All About Japan

Take Your Prefectural Pride on the Road

| Transportation , Cars

Starting in October, 2018, the Ministry of Land, Infrastructure, Transport and Tourism will issue 41 beautifully designed license plates that capture each region’s specialty. Whether it’s the delicious cherries of Yamagata Prefecture or the hot springs of Oita Prefecture, motorists can bring a piece of home with them wherever they go.

From the order of left to right, top to bottom, here’s what each plate represents.

Tohoku region:
Morioka – Kozukata (the city’s ancient name)
Iwate – Night on the Galactic Railroad (a novel which also pays tribute to the Iwate Galaxy Railway Line)
Hiraizumi – World Heritage Sites
Sendai – Date Masamune (Edo Period political leader) and Sendai Tanabata Festival
Yamagata – Villages filled with cherries
Shonai – “Waves of Ears of Rice” (a famous orchestral composition) and Mount Chokai

Kanto region:
Tsuchiura – Hobiki-sen (a traditional fishing sailboat) and fireworks
Tsukuba – Mount Tsukuba
Maebashi – Mount Akagi
Koshigaya – Gaya-chan (the city’s duck mascot) participating in the awa odori (a traditional dance festival)
Narita – Airplanes taking off from Narita Airport
Kashiwa – Lake Teganuma

Kanto region continued:
Setagaya – Tama River and white egret flower
Suginami – A city of Japanese cedar
Mount Fuji – Mount Fuji

Hokushin’etsu region:
Niigata – Bandai Bridge and the Japanese crested ibis
Nagaoka – Nagaoka fireworks
Toyama – Tateyama Mountain range

Hokushin’etsu region:
Kanazawa – Yukitsuri (a unique Japanese technique for protecting trees from heavy snow) and the umebachi crest (family crest of a powerful feudal lord)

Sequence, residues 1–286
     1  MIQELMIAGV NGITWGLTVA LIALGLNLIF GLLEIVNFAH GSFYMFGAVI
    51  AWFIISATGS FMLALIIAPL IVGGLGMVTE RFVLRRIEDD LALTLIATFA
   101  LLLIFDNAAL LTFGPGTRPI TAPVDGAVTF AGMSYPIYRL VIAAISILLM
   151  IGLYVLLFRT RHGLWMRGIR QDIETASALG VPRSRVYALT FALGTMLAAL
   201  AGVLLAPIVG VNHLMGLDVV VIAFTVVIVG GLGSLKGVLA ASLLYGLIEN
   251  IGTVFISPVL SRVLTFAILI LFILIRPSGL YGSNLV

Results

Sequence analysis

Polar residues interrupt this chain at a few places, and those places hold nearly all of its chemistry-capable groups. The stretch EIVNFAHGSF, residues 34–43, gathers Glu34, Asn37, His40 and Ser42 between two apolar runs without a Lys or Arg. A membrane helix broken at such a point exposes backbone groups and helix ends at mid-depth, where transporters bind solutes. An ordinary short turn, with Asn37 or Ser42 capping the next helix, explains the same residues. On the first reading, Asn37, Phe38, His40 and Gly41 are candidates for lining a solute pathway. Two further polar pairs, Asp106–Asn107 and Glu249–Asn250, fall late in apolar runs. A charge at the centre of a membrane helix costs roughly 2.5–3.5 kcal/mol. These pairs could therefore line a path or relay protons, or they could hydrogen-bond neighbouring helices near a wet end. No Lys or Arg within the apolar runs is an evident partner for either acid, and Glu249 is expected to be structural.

Ishikawa – Mount Haku and waves from Noto’s sea villages

Chubu region:
Fukui – Dinosaur fossils from the Fukui Prefectural Dinosaur Museum
Mount Fuji – Mount Fuji and rice fields
Toyota – Toyota Stadium and the Grampus family (a family of mascots representing a football club)
Kasugai – Tofu-kun and Kasugai Cacti (local mascots)

Kinki region:
Shiga – Lake Biwa
Kyoto – Hamamonyo (a traditional textile store), Amanohashidate (a scenic strip of land) and the five-story pagoda
Nara – Cherry blossoms and autumn foliage

Chugoku region:
Tottori – Tottori Sand Dunes, Mount Daisen and Japanese pear
Fukuyama – Hiroshima Toyo Carp (a professional baseball team)
Shimonoseki – Kaikyo Yume Tower, Akama Shrine, Shimonoseki Marine Science Museum and Kanmon Bridge

Chugoku region:
Yamaguchi – Akiyoshidai Plateau and Kintai Bridge

Shikoku region:
Tokushima – Awa odori (a dance festival)
Kagawa – Seto Inland Sea and olives
Ehime – Mikyan (a mandarin orange cat mascot)
Kochi – Harimaya Bridge and skipjack tuna

Kyushu region:
Nagasaki – Stained glass

Kyushu region
Sasebo – Stained glass
Kumamoto – Kumamon (one of Japan’s most famous mascots)
Oita – Hot springs
Miyazaki – Sun-soaked locales and the sea
Kagoshima – Sakurajima (an active volcanic island)

Obtaining one of the 41 colorful license plates requires a mere donation of at least ¥1,000 (US$9.14), and the proceeds will be used for tourism promotion and traffic improvement. What a fantastic way for motorists to show support for their hometown!

Read full story:

Related Stories:
Get ready for yuru-kyara car plates! Japan to lift ban on colourful regional license plates
Coca-Cola releases five new gorgeous limited-edition bottles in Japan
14 tips for visiting the Mt Fuji Shibazakura Festival, where beautiful “lawn sakura” blossom